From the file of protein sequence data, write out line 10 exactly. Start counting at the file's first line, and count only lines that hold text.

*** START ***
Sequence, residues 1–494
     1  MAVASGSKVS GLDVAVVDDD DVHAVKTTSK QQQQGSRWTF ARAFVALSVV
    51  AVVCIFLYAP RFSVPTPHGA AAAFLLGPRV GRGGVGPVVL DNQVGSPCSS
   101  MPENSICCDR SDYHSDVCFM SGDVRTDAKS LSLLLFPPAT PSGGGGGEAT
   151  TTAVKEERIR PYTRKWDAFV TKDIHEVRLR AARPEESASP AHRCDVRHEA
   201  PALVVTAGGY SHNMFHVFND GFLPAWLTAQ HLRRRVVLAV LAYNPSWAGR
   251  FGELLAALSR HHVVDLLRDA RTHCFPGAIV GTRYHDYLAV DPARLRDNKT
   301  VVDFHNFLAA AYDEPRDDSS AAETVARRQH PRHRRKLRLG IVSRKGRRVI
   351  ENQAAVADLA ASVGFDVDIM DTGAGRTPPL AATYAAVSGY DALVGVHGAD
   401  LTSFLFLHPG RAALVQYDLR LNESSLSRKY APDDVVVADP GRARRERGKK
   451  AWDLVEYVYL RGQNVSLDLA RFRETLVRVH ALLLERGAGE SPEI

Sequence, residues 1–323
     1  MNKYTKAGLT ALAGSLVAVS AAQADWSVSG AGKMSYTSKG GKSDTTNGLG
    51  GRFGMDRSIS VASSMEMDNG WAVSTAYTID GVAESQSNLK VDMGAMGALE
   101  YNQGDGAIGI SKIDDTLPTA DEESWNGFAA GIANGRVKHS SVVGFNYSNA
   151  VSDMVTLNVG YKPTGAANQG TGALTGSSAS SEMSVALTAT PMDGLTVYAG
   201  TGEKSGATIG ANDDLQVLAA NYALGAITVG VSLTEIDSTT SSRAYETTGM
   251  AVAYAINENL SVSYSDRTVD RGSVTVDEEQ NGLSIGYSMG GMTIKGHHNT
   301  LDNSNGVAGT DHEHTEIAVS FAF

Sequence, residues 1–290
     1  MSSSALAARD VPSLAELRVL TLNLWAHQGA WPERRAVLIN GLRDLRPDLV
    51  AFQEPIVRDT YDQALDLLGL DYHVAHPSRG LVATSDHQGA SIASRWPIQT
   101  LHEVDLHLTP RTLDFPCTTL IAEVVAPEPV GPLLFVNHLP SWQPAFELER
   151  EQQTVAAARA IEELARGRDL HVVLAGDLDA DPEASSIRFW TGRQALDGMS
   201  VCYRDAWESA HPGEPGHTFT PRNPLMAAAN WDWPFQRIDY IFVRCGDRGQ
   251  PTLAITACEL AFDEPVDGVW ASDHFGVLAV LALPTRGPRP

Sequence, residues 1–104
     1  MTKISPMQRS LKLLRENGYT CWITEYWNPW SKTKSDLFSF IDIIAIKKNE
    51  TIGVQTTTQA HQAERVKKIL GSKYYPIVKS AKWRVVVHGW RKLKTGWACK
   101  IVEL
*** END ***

   401  LTSFLFLHPG RAALVQYDLR LNESSLSRKY APDDVVVADP GRARRERGKK